fawaris: What I was thinking is to make it work in this method. I get the speed of my robot and keep it as a constant in my code, then once I get the first coordinate, that will be the distance from the initial, so I divide the speed by the distance to get the time needed for that movement, and based on that time, I move the robot accordingly. then once it reaches that coordinate,

Sorry to trample on your illusions but that will not work reliably, if at all.

For example how will the robot know it has reached the co-ordinate rather than some other location?

There will be slippage at the wheels so it won't run in the exact direction that you want it to. And as @bms001 said, distance errors will creep in every time there is a change of direction.

You just might get acceptable results for one or two out-and-back journeys but once the route becomes complicated it will get completely lost.

To experience the problem set up a route in your living room with some chairs to mark the corners. Walk the route and count the steps between turns and the note the direction to turn. Then go back to the start and follow the route with your eyes shut and NO peeking. Then imagine how much more difficult it would be for a totally stupid robot.

...R

Well, advantage robot: it is not trying to make smaller steps as it's not afraid to trip and fall. A robot is just as happy to reach its destination as it is to crash and burn.

Nevertheless, dead reckoning is not exactly reliable.

PaulS: So, what does a position of 10, 7 mean? 10 miles? 10 meters? 10 angstroms?

Assuming each coordinate is going to be 3 cm space, so you could say its 30,21 cm I have the plan in mind regarding spacing

Robin2: Sorry to trample on your illusions but that will not work reliably, if at all.

For example how will the robot know it has reached the co-ordinate rather than some other location?

There will be slippage at the wheels so it won't run in the exact direction that you want it to. And as @bms001 said, distance errors will creep in every time there is a change of direction.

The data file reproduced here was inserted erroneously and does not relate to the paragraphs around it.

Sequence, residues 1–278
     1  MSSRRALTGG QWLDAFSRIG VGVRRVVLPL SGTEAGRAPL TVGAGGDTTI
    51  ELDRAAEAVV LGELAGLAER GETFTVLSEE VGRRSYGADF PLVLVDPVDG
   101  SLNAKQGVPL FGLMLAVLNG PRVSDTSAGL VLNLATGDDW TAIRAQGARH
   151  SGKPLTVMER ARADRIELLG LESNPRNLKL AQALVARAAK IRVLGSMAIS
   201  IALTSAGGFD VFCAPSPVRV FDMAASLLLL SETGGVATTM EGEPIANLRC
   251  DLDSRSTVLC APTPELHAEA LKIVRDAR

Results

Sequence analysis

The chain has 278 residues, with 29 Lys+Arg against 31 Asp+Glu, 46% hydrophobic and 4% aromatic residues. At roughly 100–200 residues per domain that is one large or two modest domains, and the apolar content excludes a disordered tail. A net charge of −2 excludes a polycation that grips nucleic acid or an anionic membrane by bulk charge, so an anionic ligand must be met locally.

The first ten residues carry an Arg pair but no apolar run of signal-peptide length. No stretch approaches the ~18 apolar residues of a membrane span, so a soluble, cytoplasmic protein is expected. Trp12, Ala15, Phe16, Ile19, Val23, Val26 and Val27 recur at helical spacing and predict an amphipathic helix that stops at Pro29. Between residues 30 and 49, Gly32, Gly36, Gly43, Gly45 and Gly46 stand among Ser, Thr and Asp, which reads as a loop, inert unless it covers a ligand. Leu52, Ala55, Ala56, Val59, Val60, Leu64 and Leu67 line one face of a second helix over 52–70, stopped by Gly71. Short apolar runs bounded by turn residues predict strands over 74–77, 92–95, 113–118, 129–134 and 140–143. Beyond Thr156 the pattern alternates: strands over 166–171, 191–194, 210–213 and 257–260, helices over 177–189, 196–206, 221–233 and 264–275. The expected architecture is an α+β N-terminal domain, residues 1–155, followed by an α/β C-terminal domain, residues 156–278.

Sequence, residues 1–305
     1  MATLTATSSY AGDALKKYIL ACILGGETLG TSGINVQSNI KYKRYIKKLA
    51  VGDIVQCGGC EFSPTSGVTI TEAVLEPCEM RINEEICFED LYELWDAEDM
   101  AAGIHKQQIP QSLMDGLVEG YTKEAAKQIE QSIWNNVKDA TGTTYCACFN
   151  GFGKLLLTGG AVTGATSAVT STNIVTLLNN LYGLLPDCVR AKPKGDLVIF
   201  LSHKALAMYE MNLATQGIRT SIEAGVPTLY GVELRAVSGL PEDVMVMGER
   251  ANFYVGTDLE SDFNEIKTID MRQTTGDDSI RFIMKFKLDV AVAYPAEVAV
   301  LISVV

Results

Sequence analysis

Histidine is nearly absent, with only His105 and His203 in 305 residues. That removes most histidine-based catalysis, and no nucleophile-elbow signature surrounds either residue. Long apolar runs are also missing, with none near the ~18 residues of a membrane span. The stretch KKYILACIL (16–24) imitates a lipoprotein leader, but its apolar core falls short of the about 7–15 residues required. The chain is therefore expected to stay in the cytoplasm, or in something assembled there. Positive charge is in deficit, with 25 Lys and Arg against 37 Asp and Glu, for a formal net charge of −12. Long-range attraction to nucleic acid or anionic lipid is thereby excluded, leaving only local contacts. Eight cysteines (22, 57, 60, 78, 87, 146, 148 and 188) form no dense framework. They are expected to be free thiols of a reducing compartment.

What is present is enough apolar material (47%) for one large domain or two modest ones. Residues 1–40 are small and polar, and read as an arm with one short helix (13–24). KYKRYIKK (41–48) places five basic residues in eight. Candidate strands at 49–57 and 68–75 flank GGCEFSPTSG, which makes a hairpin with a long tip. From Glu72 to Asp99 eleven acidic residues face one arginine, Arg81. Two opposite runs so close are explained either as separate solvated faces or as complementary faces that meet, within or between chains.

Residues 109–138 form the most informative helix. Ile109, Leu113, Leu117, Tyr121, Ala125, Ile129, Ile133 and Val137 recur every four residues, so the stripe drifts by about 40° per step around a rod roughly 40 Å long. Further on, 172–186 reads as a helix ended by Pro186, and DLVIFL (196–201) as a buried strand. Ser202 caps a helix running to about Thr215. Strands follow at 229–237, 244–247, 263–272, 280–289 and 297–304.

You just might get acceptable results for one or two out-and-back journeys but once the route becomes complicated it will get completely lost.

To experience the problem set up a route in your living room with some chairs to mark the corners. Walk the route and count the steps between turns and the note the direction to turn. Then go back to the start and follow the route with your eyes shut and NO peeking. Then imagine how much more difficult it would be for a totally stupid robot.

...R

Good point there, I will see if I can add at least a distance sensor or a magnetometer from my budget because I think it will be the cheapest solution for now.

bms001: Without any extra sensors you will not be able to do this accurately. You have no way to tell how much your robot has moved, so the best you can do is to test how it moves when given a variety of commands e.g. when told to go forward at full speed it moves forward at 10cm/s. You can use this model to calculate what commands you need to give it in order to reach the desired goal. You will almost certainly have effects that make it quite difficult e.g. when you tell the robot to move forward, it doesn't move in an exactly straight line. I think it will be very hard to quantify this effectively. (and if you have to do obstacle avoidance in the middle of your route it will make things even less accurate)

At a minimum I suggest you get encoders for your wheels, so you can measure the wheel velocities. This will allow you to control the motion more effectively i.e. with PID control to make sure the wheels are moving at the same speed to go straight forward. Even if you don't achieve the exact control you want, you still have a better estimate of what the motion actually was (and therefore where your robot is). You will need to understand how to convert your wheel velocities into motion (which depends on the physical configuration of your exact robot).

Using a magnetometer as well in order to determine your heading may help a lot as well since inaccuracy in estimating heading will probably be a significant contributor to the total final error otherwise.

Regarding the Magnetometer, i also found an accelerometer, and both of them exist on 1 sensor called IMU Sensor. Can I just use the accelerometer alone or do I also need the magnetometer for this job?

From what I understood after some research, the accelerometer reads displacement and its orientation stays fixed so no matter which direction the robot rotates, it stays on the same axis but the magnetometer rotates its orientation with the robot.